Ongoing political turmoil in Syria has demonstrated that many Democrats and Republicans are kindred spirits in their views on foreign policy and military intervention. Here’s why.
President Barack Obama, who unsuccessfully attempted to garner support for an armed intervention in Syria from numerous world powers at the G20 Summit last week, is at the forefront of the campaign to take military action against the administration of President Bashar al-Assad. He is giving a speech proposing military action in Syria on Tuesday night — and he'll have some unlikely allies as he makes it.
Secretary of State John Kerry has testified before Congress and has aided Obama in his efforts to shore up legislative support for military strikes. And Senators Bob Menendez (D-N.J.), Barbara Boxer (D-Calif.), Benjamin Cardin (D-Md.), Jeanne Shaheen (D-N.H.), Christopher Coons (D-Del.), Richard Durbin (D-Ill.), and Tim Kaine (D-Va.) have all endorsed Obama’s resolution proposing an armed invasion of Syria.
While Senators John McCain (R-Ariz.), Jeff Flake (R-Ariz.), and Bob Corker (R-Tenn.) have also backed Obama’s plan, the outspokenness of various Democratic politicians supporting a military strike against Syria has caught the attention of millions of Americans who are overwhelmingly against the idea.
Republicans are infamous for their championing of military strength, global interventionist policies, and destabilization efforts aimed at eliminating the administrations of “dictators” and “tyrants,” but now it appears that Democrats are at the helm of the effort to remove Assad from power and support the efforts of the Free Syrian Army.
Although 35% of Republicans backed airstrikes, compared to just 29% of Democrats, Obama supporters, as revealed in a Pew poll, are more likely to say there is clear evidence that the Syrian government used chemical weapons against civilians and that airstrikes would be effective in discouraging the use of such weapons.
Though new information revealing the inexorable support many Obama supporters have for initiating armed conflict in Syria might be surprising to Americans who still believe the Democratic Party remains on the left end of the political spectrum, it simply reiterates the idea that both parties share similar views on foreign policy and that both groups take turns challenging each other’s interventionist policies in a dance of protest.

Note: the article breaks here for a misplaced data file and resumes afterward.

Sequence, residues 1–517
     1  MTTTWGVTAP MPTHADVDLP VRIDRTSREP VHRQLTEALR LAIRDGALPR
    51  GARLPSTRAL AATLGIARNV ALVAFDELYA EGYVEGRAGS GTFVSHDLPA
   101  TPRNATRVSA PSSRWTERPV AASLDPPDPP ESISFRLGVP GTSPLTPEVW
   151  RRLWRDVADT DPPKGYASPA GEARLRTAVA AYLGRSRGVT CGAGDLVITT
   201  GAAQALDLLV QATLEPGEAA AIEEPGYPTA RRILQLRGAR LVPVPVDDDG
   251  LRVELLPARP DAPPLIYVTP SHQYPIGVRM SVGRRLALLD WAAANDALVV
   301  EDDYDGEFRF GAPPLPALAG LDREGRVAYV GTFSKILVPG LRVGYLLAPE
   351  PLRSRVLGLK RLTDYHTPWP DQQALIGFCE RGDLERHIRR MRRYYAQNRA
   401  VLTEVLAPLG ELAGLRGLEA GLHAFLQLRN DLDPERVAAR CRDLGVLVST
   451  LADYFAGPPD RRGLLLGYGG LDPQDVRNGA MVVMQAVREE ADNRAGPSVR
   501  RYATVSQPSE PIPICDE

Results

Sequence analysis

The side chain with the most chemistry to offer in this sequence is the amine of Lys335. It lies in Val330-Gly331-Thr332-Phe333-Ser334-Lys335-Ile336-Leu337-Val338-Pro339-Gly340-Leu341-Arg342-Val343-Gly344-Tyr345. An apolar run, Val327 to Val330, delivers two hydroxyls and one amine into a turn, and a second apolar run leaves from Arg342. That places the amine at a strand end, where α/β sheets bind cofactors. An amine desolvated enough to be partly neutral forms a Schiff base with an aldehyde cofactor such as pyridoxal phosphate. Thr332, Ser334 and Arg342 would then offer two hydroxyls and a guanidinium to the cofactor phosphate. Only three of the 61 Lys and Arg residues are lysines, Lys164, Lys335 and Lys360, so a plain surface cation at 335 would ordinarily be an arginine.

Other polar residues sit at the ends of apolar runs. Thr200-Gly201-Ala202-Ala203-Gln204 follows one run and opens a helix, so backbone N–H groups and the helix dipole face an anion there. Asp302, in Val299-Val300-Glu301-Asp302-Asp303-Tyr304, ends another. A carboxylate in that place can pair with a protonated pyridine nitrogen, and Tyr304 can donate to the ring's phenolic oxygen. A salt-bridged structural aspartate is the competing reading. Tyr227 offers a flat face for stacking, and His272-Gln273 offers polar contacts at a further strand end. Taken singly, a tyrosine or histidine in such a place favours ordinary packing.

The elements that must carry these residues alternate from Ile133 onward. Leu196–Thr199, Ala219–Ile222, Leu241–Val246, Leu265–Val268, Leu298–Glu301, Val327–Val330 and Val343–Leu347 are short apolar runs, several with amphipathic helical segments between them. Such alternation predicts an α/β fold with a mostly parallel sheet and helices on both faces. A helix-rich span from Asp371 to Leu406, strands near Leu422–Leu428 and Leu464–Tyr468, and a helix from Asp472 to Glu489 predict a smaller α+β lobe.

When Republican President George W. Bush announced plans to invade and bomb Iraq because of the perceived threat of weapons of mass destruction (that were never found), many Democrats, including Obama, quickly protested those actions. Now that a Democrat is in office, Republicans who are against a possible Syrian intervention are demonstrating against military strikes because of their costs and liabilities.
While some Democratic leaders like Congressman Alan Grayson (D-Fla.), who serves as a member of the House Foreign Affairs Committee, have also challenged Obama and Kerry’s claims, a majority of Democrats are backing possible intervention in Syria. The power struggle between the parties was also apparent during former President Bill Clinton’s administration and his interventionist policies in the Balkans, as well as former President Ronald Reagan’s strong-arm tactics in Central America.
The dance of protest between the Democrats and Republicans in the postwar United States has become more apparent to a growing number of frustrated Americans who are continually plagued with growing unemployment, foreclosure, and school closings, and has left many exhausted from decades of meddlesome foreign policy. In fact, recent polls reveal that 48% of Americans oppose airstrikes against Syria while only 29% favor them.
The bottom line is this: Millions of Americans are realizing that both the Democratic and Republican parties support and have supported the invasion of countries around the world for motives that are not always just, and that military strikes against Syria will only continue to stifle conditions at home as more funds are poured into defense and military spending.
After all, a declassified report by the White House that serves as “evidence” of Assad’s alleged chemical attack does not divulge all details and remains unclear in what the "streams of intelligence" cited may be and how they were collected. This is very dangerous.